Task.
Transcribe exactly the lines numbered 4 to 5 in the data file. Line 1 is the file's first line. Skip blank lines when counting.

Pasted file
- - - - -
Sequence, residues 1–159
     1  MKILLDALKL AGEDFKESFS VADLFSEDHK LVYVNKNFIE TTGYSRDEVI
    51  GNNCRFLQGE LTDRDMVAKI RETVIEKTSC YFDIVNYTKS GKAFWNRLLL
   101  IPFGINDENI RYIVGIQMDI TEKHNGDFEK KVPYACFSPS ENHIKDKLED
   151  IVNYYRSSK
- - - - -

   101  IPFGINDENI RYIVGIQMDI TEKHNGDFEK KVPYACFSPS ENHIKDKLED
   151  IVNYYRSSK